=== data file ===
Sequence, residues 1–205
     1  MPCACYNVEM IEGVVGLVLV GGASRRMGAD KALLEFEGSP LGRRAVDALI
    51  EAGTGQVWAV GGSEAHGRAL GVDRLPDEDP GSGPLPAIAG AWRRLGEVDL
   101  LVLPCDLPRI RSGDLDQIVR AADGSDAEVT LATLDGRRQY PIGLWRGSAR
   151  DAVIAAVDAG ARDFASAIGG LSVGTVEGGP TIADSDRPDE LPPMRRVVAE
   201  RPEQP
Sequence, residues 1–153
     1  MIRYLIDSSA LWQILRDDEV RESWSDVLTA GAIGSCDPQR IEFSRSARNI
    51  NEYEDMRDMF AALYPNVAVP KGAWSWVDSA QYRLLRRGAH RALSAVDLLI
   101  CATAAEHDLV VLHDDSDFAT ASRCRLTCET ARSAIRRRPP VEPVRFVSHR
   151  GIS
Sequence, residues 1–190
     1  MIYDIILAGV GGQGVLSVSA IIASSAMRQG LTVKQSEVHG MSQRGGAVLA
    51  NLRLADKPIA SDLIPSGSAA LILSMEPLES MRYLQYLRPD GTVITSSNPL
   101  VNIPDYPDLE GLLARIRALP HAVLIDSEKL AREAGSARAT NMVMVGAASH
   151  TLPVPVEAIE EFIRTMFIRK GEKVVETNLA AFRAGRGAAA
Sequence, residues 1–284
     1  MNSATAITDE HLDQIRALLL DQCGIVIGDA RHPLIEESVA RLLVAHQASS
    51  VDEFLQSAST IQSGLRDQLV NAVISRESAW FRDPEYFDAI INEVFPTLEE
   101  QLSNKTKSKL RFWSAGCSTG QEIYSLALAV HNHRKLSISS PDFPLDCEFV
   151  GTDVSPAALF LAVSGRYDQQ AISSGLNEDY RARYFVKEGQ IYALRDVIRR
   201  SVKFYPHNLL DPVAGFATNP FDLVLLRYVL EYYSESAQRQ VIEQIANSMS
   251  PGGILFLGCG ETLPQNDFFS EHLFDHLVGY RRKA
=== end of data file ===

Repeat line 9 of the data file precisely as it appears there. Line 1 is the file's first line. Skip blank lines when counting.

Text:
    51  NEYEDMRDMF AALYPNVAVP KGAWSWVDSA QYRLLRRGAH RALSAVDLLI